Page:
ATLANTA — The Georgia First Amendment Foundation is making another attempt through the courts to allow public access to records related to the state’s medical cannabis commission.
In a Feb. 9 order, Fulton County Superior Court Rachel Krause upheld Administrative Law Judge Stephanie Howells’ June 2022 decision allowing Georgia Access to Medical Cannabis Commission matters and judicial happenings to be designated confidential.
Krause’s order followed a request from the GFAF to overturn Howells’ order and unseal the Commission’s records, which GFAF argues should be subject to the Open Records Act due to the public health implication.
In an April 30 petition filed to the Supreme Court of Georgia, GFAF is asking to reverse lower court rulings.
An attorney for GFAF argued at a January hearing that the significant public interest should be considered when sealing records, especially for an issue as important as medical marijuana, which more than 25,000 patients are on the state’s registry to receive.
“This decision threatens the reputation and integrity of the judicial process by creating a rule that administrative tribunals are exempt from transparency, even when they are deciding the health care rights of millions of Georgians, and by further holding that no member of the public can challenge that rule,” GFAF’s Supreme Court filing states.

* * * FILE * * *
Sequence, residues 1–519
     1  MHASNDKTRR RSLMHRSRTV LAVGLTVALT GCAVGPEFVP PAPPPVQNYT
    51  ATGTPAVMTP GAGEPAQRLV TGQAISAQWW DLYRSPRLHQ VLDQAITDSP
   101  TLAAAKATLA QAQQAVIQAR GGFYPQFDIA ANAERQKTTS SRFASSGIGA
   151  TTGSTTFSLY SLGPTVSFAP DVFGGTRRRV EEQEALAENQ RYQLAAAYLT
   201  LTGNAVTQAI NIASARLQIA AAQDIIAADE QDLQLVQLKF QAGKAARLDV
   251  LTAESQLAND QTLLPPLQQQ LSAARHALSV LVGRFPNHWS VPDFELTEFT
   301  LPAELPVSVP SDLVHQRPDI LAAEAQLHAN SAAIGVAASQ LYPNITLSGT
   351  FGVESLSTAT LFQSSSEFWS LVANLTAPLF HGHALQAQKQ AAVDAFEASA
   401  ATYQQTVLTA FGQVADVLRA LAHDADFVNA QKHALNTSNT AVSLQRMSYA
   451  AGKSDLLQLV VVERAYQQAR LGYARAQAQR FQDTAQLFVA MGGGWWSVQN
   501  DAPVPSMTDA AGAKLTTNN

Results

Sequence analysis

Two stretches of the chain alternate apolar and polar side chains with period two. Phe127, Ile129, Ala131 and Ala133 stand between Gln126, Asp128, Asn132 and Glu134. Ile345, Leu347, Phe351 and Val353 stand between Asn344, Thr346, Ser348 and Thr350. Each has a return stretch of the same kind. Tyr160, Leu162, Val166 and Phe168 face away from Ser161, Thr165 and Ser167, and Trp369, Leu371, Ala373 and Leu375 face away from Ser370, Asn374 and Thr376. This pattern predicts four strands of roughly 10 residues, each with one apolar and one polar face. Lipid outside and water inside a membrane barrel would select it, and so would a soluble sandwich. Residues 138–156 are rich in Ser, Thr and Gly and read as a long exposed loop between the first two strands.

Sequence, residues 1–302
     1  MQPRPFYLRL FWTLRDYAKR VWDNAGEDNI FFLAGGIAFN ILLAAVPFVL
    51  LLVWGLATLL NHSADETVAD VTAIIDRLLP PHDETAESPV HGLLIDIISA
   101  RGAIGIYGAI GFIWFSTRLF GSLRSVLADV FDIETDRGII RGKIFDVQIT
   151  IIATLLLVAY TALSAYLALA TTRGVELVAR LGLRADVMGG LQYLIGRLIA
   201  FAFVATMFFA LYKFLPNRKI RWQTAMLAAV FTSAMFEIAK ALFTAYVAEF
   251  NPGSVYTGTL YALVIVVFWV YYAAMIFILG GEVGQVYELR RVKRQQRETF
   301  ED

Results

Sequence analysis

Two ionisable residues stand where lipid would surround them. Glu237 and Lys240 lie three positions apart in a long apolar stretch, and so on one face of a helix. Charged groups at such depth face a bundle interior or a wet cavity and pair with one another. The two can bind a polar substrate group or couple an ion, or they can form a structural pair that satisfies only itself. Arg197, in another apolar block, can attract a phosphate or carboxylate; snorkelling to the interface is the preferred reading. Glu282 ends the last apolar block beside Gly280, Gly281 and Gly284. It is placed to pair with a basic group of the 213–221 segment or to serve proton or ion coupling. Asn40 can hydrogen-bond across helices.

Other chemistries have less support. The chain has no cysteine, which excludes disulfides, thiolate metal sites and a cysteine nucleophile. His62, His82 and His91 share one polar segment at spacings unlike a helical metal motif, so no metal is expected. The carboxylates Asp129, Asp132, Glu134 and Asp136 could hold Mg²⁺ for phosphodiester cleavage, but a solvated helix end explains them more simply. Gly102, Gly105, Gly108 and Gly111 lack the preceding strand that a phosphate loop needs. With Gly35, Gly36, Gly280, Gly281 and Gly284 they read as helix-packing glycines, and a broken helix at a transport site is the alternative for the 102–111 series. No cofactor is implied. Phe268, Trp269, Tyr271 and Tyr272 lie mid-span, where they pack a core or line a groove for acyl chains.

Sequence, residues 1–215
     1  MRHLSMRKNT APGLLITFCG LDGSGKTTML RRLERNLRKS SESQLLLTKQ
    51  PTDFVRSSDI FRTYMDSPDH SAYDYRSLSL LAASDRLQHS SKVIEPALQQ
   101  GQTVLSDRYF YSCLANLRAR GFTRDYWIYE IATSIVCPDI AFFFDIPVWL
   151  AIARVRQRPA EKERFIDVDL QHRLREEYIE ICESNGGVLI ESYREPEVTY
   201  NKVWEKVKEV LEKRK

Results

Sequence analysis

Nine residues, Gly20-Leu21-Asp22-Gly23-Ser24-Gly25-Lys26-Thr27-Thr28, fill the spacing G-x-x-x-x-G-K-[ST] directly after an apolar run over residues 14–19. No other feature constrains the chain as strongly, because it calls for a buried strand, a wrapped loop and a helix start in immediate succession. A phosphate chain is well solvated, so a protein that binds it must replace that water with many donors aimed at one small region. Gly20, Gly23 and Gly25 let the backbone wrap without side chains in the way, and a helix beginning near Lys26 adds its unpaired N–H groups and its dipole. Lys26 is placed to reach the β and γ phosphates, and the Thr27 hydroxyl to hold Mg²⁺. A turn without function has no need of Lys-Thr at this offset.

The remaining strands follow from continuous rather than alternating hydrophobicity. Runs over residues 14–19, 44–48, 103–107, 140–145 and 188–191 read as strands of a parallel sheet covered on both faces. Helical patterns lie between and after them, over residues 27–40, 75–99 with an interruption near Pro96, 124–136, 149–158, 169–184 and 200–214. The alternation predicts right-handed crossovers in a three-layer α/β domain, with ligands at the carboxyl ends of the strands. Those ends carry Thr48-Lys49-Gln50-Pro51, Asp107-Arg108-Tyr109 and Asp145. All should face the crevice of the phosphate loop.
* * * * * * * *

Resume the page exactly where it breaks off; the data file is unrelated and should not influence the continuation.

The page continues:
Last year, the Commission issued two Class I licenses — which allow growing, cultivating and manufacturing THC oil in an indoor space no more than 100,000 square feet — and four tentative Class II licenses, which allow the same activities but in no more than 50,000 square feet of space. The tentative licenses are still on hold as the lawsuits are underway from companies that were not awarded licenses.
GFAF is asking the Supreme Court to release judicial records related to those lawsuits, adding that the Howells wrongly interpreted open records exemptions allowed by the Hope Act.
The Hope Act, the 2019 law establishing the Commission, allows documents related to the Commission to be shielded. In part, it states: “All working papers, recorded information, documents, and copies produced by, obtained by, or disclosed to the Commission … other than information published in an official commission report … shall be confidential data and shall not be subject to the (Open Records Act). … Provided, however, that any contract, memorandum of understanding, or cooperative endeavor agreement entered into by the commission pursuant to this article shall be subject to the (ORA).”
GFAF argues that the courts’ decisions set dangerous precedent by reducing public access, stating that the Georgia Office of State Administrative Hearings/ Howell erred by not following the cannabis commission rules, which require the administrative law judge to review the judicial records privately and issue a narrowly tailored order that only restricts access to confidential information. Fulton Superior Court also erred by upholding that failure, GFAF states.
GFAF is also arguing to the Georgia Supreme Court that the Fulton County judge erred by not finding that the GFAF or any other member of the public has standing to appeal OSAH’s decision to impose a blanket seal, forever, on the judicial records related to the disputes over medical cannabis licensing in Georgia.
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